Dodgers regain momentum after beating Giants twice

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By Don Wanlass

Contributing Writer

The Dodgers are finding out that Shakespeare was right.

“Heavy is the head that wears the crown” is a line from Shakepeare’s “Henry IV.”

Some refer to it as a post-championship hangover. Whatever it is, the Dodgers are having a topsy-turvy season, with big winning streaks followed by horrid losing streaks and vice versa.

Last week the Dodgers were looking up at the Giants and the Padres in the National League West standings after being swept by the San Diego Padres in a three-game series in San Diego and coming home to Dodger Stadium and getting no-hit by the Chicago Cubs, June 24.

But since that four-game losing streak that equaled the longest this year for the Boys in Blue, the Dodgers have won five in a row, winning the last three games in the Cubs’ series and then sweeping the first-place Giants in a brief-two-game set at Dodger Stadium June 28 and 29 to move within a game and half of the division lead.

The two games with the Giants were two classic games between pennant contenders and arch rivals.

Both were low-scoring pitching duels with the Dodgers winning with 3-2 and 3-1 scores.

In the first game, Trevor Bauer pitched six innings and yielded two runs and eight hits while striking out eight Giants. Victor Gonzalez, Blake Treinen and Kenley Jansen each yielded a hit in the inning they pitched, with Jansen recording his 19th save of the season.

All five runs came on solo home runs. The Dodgers staked Bauer to a 2-0 lead in the bottom of the first inning when Mookie Betts and Max Muncy hit back-to-back bombs off Anthony DeSclafani.

LaMonte Wade got a run back in the third for the Giants with a home run, but Will Smith matched that for the Dodgers in the fourth inning. Brandon Crawford homered off Bauer in the sixth for the last run of the game.

The Dodgers got off to a 2-0 lead early the next night when Chris Taylor made Kevin Gausman pay for his early wildness by doubling in two runs with two outs in the first inning.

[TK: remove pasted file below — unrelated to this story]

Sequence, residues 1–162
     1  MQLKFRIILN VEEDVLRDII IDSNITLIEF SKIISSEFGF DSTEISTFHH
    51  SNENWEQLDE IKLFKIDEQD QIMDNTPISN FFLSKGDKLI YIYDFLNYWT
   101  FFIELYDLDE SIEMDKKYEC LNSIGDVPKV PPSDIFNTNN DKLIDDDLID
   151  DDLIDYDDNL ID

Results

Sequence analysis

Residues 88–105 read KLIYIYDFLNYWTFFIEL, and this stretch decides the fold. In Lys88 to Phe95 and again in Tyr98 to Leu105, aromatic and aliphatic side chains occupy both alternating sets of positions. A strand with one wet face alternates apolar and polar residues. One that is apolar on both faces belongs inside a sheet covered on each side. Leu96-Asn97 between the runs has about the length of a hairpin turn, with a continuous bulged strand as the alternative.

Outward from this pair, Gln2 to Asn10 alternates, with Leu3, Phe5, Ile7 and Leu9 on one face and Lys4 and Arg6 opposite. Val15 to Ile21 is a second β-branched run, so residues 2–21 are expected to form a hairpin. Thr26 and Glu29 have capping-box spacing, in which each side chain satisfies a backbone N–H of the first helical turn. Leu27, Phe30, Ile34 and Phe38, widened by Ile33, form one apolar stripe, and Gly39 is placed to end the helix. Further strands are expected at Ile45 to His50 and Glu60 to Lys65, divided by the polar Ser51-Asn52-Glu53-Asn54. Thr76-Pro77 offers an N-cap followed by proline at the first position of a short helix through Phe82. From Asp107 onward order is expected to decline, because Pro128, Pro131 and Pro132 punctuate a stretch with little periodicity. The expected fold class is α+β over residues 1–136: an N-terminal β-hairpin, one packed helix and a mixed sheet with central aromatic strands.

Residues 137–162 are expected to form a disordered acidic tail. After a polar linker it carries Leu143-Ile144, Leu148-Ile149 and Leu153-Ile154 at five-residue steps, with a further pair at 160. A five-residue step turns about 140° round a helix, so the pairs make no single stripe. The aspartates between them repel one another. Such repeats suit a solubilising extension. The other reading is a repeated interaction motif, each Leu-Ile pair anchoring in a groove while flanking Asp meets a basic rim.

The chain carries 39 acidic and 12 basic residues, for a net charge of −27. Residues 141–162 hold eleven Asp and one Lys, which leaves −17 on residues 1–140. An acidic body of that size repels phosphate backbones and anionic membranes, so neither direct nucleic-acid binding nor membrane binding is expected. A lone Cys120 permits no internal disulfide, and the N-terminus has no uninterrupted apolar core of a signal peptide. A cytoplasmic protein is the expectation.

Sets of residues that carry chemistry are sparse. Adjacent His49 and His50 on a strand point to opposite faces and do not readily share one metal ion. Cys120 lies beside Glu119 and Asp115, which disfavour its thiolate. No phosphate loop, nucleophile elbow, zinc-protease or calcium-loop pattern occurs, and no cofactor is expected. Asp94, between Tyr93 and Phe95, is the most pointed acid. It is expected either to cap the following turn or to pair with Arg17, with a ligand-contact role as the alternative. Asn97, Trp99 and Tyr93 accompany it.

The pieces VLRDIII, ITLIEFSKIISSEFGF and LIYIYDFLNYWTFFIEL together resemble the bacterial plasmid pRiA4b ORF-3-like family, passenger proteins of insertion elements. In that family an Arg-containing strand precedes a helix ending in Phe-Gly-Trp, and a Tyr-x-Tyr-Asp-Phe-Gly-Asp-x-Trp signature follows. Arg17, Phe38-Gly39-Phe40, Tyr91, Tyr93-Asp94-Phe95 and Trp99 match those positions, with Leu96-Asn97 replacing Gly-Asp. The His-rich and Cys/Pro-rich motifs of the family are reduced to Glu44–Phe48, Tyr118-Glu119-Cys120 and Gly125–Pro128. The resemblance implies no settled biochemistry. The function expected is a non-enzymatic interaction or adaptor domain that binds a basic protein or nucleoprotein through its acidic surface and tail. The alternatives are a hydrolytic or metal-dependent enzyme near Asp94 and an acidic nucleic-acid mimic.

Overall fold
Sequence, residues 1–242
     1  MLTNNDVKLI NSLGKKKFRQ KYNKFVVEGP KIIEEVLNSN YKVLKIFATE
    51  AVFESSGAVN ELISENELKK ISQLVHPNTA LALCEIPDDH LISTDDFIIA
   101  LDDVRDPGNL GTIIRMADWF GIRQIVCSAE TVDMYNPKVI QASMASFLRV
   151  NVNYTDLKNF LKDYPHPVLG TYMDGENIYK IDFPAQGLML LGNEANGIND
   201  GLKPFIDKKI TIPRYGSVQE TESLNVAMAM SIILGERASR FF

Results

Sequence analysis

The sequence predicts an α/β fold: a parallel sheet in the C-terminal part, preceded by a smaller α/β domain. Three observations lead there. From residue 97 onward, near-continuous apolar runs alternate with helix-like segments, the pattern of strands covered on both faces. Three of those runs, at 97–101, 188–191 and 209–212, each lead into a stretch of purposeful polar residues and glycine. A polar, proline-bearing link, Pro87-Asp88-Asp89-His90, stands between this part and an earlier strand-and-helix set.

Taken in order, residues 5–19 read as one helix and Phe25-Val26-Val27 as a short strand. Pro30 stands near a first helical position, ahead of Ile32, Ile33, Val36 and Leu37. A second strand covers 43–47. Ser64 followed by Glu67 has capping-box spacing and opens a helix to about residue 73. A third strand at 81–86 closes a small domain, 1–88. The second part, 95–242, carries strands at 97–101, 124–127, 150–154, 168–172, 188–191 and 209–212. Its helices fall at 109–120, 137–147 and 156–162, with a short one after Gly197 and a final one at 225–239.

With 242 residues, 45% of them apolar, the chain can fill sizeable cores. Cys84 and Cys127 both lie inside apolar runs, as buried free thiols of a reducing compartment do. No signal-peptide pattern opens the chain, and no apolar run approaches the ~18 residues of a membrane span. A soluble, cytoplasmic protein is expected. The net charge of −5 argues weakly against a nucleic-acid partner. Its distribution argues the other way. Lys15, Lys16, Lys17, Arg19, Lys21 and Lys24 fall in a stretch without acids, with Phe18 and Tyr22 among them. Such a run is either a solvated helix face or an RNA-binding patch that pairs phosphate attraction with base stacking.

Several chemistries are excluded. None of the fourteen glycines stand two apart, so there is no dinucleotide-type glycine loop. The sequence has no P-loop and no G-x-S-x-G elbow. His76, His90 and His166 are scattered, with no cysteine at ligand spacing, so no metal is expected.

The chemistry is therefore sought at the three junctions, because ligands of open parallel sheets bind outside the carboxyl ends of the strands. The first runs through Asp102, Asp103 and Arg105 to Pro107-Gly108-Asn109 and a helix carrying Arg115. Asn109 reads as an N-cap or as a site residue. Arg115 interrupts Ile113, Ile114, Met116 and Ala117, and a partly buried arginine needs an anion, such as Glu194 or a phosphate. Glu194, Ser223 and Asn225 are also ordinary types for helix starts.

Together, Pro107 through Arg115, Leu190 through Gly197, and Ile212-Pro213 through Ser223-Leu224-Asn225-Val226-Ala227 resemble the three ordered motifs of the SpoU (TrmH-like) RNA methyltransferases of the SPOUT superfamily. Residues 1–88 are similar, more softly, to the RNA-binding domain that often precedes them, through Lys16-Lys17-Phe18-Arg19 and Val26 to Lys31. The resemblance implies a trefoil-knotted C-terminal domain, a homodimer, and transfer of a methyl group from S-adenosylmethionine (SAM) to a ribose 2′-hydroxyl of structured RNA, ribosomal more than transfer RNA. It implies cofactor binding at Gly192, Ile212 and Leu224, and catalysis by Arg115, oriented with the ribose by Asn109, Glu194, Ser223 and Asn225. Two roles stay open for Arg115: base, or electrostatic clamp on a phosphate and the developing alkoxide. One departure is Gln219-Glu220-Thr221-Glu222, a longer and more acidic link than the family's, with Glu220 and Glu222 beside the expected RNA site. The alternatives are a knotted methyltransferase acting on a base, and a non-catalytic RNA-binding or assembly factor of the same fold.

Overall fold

Muncy hit his 17th home run of the season in the third inning and the Dodgers survived an unearned run by the Giants in the seventh to win get Walker Buehler his eighth win of the season.

The Dodgers have yet to hit their stride but they are still within easy striking distance of the Giants as the season nears its halfway point.

Cody Bellinger is healthy again, Corey Seager should be back shortly after the all-star break and the Giants haven’t hit a slump yet.

The top four starting pitchers on the team each have eight or nine victories. Only nine pitchers in the entire National League have as many as eight wins this year and the Dodgers have four of the nine.

Jansen is tied for second for the most saves in the league and it’s been a while since he has had a melt down out of the bullpen. Three months into the season, manager Dave Roberts seems to have found reliable arms to bridge the distance between the starters and Jansen with Treinen, Gonzalez, Joe Kelly, Jimmy Nelson and Phil Bickford all recording earned run averages between 1.38 (Jansen) and 3.13 (Treinen).

According to, the Dodgers have a 98.9% chance of making the postseason and a 15.6% chance of winning the World Series.

Five hitters are already in double figures for home runs and five or six more figure to reach that number by the time the season ends.